The main problem with the first option is that in order to actually do something interesting, you have to go to three different servers.

Amazon does this to build each page view and the performance seems to be fine.

Daniel Lang

Bob, this is a silly argument. You don't know the details of amazon application and infrastructure, but I'm sure they're not excessively wasting ressources. In the above example, chances are you will reduce the network-load to a third. I think this is a good argument.


@Oren: i can see the point in sharding, my doubt is how do you organize your shards in the context of shared data? I mean, if each user has his own images, that woudl make sense, you group them togheter in a shard. But what about data related to multiple users, for example? Do you have any particular advice on scenarios like that?

Ayende Rahien

Phillip, Actually, no. You either do denormalization, or you do the joins in your code.

Ayende Rahien

Njy, The most common example of shared data is one user commenting on another's user image. Flickr does that by duplicating that information, storing the comment on both shards. I agree that this is an approach that makes a lot of sense.


@Oren: oh, i see. Btw, as a general concept, i'm wondering if we're not going too much berzerk mode on this speed thing... i mean, duplicating a comment, that maybe is even editable in the future (think about stack overflow for example), and having to keep it in sync manually on updates... i mean, c'mon: the DB access is already blazingly fast like that (if you compare it to the old school rdbms), and in an high volume site you would probably use memcached/velocity/something-like-that too anyway. So having A) a couple more ms read time to access 2 different stores instead of B) having some data duplicated and the burden to keep in sync each copy... i think it would be preferable the A) apporach. Oh and, depending on the situations, it may even be possible to parallelize the access to the 2 or more different stores (while i'm getting the comments in a store, i'm getting the user data on another store) ... and that starts to become pretty interestaing...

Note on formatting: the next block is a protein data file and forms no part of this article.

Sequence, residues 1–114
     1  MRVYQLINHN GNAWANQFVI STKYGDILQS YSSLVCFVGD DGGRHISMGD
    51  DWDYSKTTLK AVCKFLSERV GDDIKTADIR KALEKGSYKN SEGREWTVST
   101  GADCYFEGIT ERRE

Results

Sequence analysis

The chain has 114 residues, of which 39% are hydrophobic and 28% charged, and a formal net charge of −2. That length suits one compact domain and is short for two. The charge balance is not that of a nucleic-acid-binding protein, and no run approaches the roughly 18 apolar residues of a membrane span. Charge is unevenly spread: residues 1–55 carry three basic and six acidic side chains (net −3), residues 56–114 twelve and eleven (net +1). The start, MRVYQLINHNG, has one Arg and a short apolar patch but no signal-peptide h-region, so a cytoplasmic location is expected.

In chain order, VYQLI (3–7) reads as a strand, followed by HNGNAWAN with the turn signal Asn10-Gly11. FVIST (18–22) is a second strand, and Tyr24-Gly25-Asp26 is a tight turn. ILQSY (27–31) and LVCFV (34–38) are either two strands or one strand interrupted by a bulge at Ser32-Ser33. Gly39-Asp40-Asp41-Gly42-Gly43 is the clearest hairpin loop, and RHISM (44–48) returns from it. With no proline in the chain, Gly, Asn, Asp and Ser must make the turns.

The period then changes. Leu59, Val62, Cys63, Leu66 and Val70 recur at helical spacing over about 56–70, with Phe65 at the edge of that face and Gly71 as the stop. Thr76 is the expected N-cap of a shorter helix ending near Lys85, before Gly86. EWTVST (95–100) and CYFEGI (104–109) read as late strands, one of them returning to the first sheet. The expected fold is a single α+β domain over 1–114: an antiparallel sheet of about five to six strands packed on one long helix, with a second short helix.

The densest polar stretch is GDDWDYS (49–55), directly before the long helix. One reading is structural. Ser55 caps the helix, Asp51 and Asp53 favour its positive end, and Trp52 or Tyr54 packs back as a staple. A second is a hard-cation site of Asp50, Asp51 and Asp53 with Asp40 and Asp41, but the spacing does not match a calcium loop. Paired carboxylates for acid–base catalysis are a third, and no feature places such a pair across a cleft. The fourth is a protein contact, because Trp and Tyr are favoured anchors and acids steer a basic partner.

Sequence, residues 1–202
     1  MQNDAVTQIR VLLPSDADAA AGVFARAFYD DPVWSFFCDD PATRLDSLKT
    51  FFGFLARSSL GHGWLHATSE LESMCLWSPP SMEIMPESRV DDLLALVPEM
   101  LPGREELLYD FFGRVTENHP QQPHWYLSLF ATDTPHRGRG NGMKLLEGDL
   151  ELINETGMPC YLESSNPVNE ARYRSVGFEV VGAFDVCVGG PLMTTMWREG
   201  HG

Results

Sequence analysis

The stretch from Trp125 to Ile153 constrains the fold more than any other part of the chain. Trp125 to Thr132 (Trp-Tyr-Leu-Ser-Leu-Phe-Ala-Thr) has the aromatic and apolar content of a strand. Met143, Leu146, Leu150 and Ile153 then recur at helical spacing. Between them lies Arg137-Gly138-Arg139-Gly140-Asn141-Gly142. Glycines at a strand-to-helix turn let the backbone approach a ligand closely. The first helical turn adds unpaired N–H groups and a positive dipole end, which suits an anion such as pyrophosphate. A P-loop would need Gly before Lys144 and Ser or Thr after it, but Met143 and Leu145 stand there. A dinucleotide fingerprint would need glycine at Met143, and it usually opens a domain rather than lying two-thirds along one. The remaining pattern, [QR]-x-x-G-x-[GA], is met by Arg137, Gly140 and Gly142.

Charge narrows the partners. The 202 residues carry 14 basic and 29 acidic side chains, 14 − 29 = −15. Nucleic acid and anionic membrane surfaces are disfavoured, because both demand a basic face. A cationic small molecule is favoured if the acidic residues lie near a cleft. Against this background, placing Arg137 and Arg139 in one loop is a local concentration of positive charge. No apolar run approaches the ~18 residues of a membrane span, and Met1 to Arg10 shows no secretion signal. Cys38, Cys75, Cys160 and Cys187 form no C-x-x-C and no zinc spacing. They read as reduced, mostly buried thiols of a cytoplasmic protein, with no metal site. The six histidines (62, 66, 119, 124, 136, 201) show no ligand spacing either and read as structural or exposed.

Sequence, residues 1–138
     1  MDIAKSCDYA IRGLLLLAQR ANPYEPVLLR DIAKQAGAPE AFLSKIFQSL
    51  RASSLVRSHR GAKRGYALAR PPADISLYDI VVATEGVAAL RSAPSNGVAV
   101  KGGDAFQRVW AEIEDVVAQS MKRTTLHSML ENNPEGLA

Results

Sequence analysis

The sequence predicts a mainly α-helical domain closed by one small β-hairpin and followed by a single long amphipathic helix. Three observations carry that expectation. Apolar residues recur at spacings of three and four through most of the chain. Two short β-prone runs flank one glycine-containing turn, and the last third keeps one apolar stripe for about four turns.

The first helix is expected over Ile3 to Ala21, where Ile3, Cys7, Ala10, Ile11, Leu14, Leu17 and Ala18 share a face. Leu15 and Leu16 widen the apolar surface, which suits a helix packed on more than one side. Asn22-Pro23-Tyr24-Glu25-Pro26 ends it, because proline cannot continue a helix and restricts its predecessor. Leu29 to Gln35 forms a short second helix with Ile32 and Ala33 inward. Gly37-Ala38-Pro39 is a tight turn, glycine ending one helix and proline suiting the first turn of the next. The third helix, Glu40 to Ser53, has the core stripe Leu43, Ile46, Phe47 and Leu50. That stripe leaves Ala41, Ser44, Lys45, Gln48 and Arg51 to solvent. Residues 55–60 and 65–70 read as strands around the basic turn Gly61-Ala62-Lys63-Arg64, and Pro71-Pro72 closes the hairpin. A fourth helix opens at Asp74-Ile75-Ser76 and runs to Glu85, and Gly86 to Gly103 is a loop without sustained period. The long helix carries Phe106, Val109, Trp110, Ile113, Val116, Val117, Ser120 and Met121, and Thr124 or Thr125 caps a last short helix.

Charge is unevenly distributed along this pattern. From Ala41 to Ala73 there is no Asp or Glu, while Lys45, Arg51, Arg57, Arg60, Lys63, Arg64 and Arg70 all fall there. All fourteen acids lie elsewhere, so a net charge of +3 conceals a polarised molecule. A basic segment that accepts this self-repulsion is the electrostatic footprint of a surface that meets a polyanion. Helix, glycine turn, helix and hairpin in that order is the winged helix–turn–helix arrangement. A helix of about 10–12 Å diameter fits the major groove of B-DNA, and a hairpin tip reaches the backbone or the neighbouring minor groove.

Ayende Rahien

Njy, What happen if one of the servers is down? What happen for network traffic perspective? How do you maintain transaction integrity? You have to consider a lot more factors than just a single request


@Oren: if one of the servers is down, it will happen exactly the same as if you are splitting data A-H / I-S / etc... some data will be unavailable. I mean, i'm not against sharding, on the contrary! I'm just trying to understand the right reasoning behind it, and i don't think that "what if a server goes down" is a good motivation.

The other reasons instead make more sense to me. In reality considering those details we should start discussing the server-to-server network architecture too, because for example in one of our customers we have 3 different network cards for each server, 1 for the outside communications and 2 for internal server-to-server communications, to make it faster to communicate locally in parallel (from the app server to 2 different concurrent db servers).

But then again... yeah, i think it is become all too complicated to talk about this here in a blog post's comment :-)

Anyway thanks for the discussion, helpful as always.

Ayende Rahien

@Njy, In your case, any server down would impact ALL users. In my case, any server down would impact only the users on that servers, all the others can continue operations. That is a pretty important aspect.


@Oren: yeah, without any doubt. Probably it's just that from my point of view that would be unacceptable too (even considering that every page would contain data from more than one shard, probably, and that would make each page a mess anyway, if they can be still renderable at all) and usually that aspect is managed in other ways (dormient backup servers/vms or stuff like that). All in all i tend to not think to that as a requirement on which base the data tier achitecture, but maybe it may very well be that my sense of security for that area come from the fact that i'm not the sysadmin here, and i may take for granted some safe concepts that typically apply to rdbms scenarios, but do not apply in the world of nosql solutions.

Ayende Rahien

Njy, What on earth would most pages contain data from multiple shards in the first place? That pretty much defeat the idea of splitting the data so you only touch a single server

Chanan Braunstein


The second option is better for that. What do you do in the first option if the User database is full?